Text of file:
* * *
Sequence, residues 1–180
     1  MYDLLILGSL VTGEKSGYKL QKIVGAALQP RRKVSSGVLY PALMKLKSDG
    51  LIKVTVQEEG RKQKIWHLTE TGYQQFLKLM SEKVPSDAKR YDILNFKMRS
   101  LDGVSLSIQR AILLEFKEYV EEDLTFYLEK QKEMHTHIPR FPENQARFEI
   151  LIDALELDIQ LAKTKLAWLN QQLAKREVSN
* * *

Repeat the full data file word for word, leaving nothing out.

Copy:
Sequence, residues 1–180
     1  MYDLLILGSL VTGEKSGYKL QKIVGAALQP RRKVSSGVLY PALMKLKSDG
    51  LIKVTVQEEG RKQKIWHLTE TGYQQFLKLM SEKVPSDAKR YDILNFKMRS
   101  LDGVSLSIQR AILLEFKEYV EEDLTFYLEK QKEMHTHIPR FPENQARFEI
   151  LIDALELDIQ LAKTKLAWLN QQLAKREVSN